Plaintiff and appellant contends that the findings are not supported and that the judgment declaring the rights of the parties is erroneous in that it is based on an improper and unwarranted construction and interpretation of the lease; that the lessee is not prevented from making the proposed use of its own property by any provision of the lease, when fairly read and reasonably applied, and argues that the principal consideration to the lessor for the execution of the ground lease was the net rent to be paid by the lessee, and also the construction of a building on the property which became a security for the payment of the rent. It is then pointed out that from the lease, originally, a theatre of any kind or type and of any seating capacity met the lease requirements; that a motion picture show without any stage could have been originally constructed upon the property under the lease; that there was no original obligation for the lessee to construct a stage or use it in connection with the theatre; that for the past ten years the stage has not been used; that the partitioning of it by a fire wall and its use for another theatre is not ‘the division, partition, or separate use of the part of the building on plaintiff's lots E and F from the part of the building on defendant's lots G and H’; that it is simply another lawful use of plaintiff's own property; and that such restrictions are not favored by law, citing such cases as Farquharson v. Scoble, 38 Cal.App. 680, 683, 177 P. 310, and Fairchild v. Raines, 24 Cal.2d 818, 831, 151 P.2d 260. It is then argued that such restrictions as are indicated should be construed strictly against the defendant and in favor of the plaintiff and many cases are referred to as setting forth this general rule.

It is then argued that defendant's contractual lien accruing after default on all subrents and other income from the improvements located on his property, including the theatre income, does not give defendant the right to veto the proposed or any other lawful use of lessee's own property; that the existence or extent of defendant's rights after default has no bearing whatever on plaintiff's right to convert the stage space to some lawful use, and that considering the community interest and the fundamental principles of the law, plaintiff should be allowed to use this property in the manner that is economically most beneficial to it and the public.

In the covenant involved in this case the plaintiff was the promisor. The clause complained of was placed there for some purpose by the parties sought to be bound. The primary object of all interpretation is to ascertain and carry out the intention of the parties. All the rules of interpretation must be considered and each given its proper weight, where necessary, in order to arrive at the true effect of the instrument. Section 1636 of the Civil Code provides that a contract must be so interpreted. The intention of the parties should be given effect regardless of technical rules of construction. Burnett v. Piercy, 149 Cal. 178, 189, 86 P. 603; London & San Francisco Bank v. Parrott, 125 Cal. 472, 58 P. 164, 73 Am.St.Rep. 64; Code Civ.Proc. sec. 1860.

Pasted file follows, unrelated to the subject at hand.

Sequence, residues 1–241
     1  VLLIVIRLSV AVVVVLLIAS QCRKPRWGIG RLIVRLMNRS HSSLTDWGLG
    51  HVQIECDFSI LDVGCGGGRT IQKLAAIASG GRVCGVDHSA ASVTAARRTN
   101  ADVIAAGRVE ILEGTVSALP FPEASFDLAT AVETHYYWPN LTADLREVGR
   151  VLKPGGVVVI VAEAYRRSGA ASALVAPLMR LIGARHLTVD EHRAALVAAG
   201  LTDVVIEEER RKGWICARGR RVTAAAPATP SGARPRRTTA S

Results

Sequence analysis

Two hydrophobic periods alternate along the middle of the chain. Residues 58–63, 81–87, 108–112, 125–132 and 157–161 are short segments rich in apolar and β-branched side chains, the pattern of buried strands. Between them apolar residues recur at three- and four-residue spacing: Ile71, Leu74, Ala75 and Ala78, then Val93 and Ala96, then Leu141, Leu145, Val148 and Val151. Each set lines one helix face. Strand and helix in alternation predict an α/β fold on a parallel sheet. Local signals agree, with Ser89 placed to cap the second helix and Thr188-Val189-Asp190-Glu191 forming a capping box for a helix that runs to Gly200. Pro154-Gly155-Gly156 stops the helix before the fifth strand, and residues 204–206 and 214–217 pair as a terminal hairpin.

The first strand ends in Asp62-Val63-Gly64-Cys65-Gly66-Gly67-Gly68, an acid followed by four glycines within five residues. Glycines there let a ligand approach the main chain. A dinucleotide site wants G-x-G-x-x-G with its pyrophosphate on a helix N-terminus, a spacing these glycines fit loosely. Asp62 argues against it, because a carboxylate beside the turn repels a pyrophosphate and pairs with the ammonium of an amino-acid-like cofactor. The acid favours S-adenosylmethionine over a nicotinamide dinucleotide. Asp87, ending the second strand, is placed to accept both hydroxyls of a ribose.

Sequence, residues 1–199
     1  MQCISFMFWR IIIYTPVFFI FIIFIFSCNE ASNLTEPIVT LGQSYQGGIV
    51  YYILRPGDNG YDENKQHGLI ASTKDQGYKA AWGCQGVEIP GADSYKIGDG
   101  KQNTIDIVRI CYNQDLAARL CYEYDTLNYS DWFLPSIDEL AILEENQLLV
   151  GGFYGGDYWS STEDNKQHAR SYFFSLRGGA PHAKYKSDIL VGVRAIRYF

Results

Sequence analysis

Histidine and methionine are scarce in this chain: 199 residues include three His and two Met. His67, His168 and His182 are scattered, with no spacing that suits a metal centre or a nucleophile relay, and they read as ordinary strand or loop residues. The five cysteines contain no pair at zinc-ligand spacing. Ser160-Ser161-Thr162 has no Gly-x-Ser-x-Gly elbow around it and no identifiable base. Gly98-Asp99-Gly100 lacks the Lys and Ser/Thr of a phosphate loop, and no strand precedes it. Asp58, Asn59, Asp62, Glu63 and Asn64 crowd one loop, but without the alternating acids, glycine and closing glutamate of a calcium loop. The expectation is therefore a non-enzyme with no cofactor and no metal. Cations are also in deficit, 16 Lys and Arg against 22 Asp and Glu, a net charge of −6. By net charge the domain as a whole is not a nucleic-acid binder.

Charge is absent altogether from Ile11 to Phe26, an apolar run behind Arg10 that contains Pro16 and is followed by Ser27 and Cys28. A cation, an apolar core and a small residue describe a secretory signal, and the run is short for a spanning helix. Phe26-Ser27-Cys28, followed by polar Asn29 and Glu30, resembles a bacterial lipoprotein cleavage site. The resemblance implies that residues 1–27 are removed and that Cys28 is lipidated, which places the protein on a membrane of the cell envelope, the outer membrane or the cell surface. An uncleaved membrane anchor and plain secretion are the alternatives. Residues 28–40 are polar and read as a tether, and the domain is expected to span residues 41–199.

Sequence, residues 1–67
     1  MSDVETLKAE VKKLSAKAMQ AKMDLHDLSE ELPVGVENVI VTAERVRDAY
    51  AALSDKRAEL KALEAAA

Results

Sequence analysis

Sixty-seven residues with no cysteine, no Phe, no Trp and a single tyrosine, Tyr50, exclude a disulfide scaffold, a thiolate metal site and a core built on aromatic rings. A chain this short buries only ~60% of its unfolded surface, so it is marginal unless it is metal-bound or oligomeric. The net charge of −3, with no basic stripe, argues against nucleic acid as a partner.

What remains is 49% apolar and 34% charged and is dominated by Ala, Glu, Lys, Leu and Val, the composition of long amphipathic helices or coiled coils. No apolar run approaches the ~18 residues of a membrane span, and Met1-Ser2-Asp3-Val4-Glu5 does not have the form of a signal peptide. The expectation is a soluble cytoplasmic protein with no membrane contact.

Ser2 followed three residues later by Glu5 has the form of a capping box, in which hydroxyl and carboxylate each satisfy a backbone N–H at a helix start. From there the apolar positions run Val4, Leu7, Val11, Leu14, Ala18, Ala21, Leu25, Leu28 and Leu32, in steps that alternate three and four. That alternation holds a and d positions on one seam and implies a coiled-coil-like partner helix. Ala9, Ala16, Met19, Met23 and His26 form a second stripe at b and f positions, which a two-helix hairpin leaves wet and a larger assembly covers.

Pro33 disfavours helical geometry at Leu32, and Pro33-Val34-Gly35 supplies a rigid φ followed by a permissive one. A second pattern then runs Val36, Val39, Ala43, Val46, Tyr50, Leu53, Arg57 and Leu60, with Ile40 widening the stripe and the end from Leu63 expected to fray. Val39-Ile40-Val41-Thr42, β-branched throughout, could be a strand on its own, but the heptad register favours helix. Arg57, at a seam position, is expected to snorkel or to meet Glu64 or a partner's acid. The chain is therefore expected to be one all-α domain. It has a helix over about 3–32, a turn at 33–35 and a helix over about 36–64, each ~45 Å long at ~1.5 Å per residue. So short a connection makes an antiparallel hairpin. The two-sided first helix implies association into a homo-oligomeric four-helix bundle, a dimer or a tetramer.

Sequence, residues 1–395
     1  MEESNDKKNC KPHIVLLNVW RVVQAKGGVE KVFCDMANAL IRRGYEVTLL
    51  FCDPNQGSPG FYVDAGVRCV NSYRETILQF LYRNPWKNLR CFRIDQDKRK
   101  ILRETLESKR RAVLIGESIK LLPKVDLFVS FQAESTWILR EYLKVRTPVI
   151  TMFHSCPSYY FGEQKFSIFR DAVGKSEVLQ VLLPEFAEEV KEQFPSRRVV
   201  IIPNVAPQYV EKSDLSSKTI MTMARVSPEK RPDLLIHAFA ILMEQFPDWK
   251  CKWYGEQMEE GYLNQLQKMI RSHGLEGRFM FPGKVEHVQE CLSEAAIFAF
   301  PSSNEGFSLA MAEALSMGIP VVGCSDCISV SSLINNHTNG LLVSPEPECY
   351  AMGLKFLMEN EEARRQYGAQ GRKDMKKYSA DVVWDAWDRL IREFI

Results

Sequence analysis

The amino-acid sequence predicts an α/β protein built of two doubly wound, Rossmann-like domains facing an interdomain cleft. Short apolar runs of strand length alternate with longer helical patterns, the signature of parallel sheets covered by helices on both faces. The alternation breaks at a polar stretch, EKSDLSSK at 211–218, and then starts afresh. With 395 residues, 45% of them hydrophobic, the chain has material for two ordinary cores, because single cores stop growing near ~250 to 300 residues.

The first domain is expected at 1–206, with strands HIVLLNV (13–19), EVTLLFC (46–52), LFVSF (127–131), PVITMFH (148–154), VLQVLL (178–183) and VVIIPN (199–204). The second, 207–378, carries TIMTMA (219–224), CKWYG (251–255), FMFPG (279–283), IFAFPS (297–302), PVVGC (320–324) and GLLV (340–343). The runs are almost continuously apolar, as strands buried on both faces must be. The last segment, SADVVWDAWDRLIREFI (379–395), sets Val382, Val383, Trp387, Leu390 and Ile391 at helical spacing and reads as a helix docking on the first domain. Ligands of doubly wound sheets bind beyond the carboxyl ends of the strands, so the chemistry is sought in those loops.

The lessor originally was expressly given a lien, by paragraph 31 of the lease, on all rents and other income to accrue from the theatre, notwithstanding that a portion of said theatre was to be situated on said lots E and F. That provision protected lessor's lien on the future income which might accrue from the entire theatre, and prohibited the partitioning off of any part thereof.

Plaintiff concedes that the property line separating the lots owned in fee by the plaintiff from those owned in fee by the defendant crosses the theatre auditorium at approximately its center. Under plaintiff's contention, therefore, if held to be tenable, it would be possible for it to cut in half the theatre capacity, rents and income on which lessor had been given a lien by paragraph 31. We do not believe this to be a proper interpretation of the effect of the amendment of that section. If plaintiff could, under the terms of the agreement, eliminate the use of 64 seats, it could, just as well, eliminate the use of nearly half of the seats and build the partition or wall on the property line and deprive defendant of about one-half of its original security.

There is no question that prior to the amendment of paragraph 31, defendant had a lien upon the entire income from the theatre, as originally constructed. Plaintiff now argues that under the amendment of that paragraph, defendant now has only a lien on that part of the income of the theatre actually received from that portion located on lots G and H. A technical construction of the amendment might so indicate. Just how much of the box office proceeds defendant would be entitled to claim under his lien under this construction seems indeterminable to us for many apparent reasons. What portion of the income was derived from seats located on lots E and F, as distinguished from those located on lots G and H, and what portion the moving picture screen and horns, located on lots E and F, contributed to the entertainment furnished by the projector situated on lots G and H would be impossible, mathematically, to calculate. Indubitably, it was not the intention of the parties that defendant's right to a lien on the proceeds and income of the theatre should attach only to such an uncertain division of its entire income.